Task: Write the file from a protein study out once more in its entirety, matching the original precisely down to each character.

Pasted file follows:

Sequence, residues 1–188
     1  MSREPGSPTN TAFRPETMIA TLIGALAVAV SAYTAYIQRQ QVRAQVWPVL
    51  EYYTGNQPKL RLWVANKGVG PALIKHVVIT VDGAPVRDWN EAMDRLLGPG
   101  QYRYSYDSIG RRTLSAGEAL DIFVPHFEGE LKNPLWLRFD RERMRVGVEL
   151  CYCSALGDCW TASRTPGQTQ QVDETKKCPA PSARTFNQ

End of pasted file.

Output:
Sequence, residues 1–188
     1  MSREPGSPTN TAFRPETMIA TLIGALAVAV SAYTAYIQRQ QVRAQVWPVL
    51  EYYTGNQPKL RLWVANKGVG PALIKHVVIT VDGAPVRDWN EAMDRLLGPG
   101  QYRYSYDSIG RRTLSAGEAL DIFVPHFEGE LKNPLWLRFD RERMRVGVEL
   151  CYCSALGDCW TASRTPGQTQ QVDETKKCPA PSARTFNQ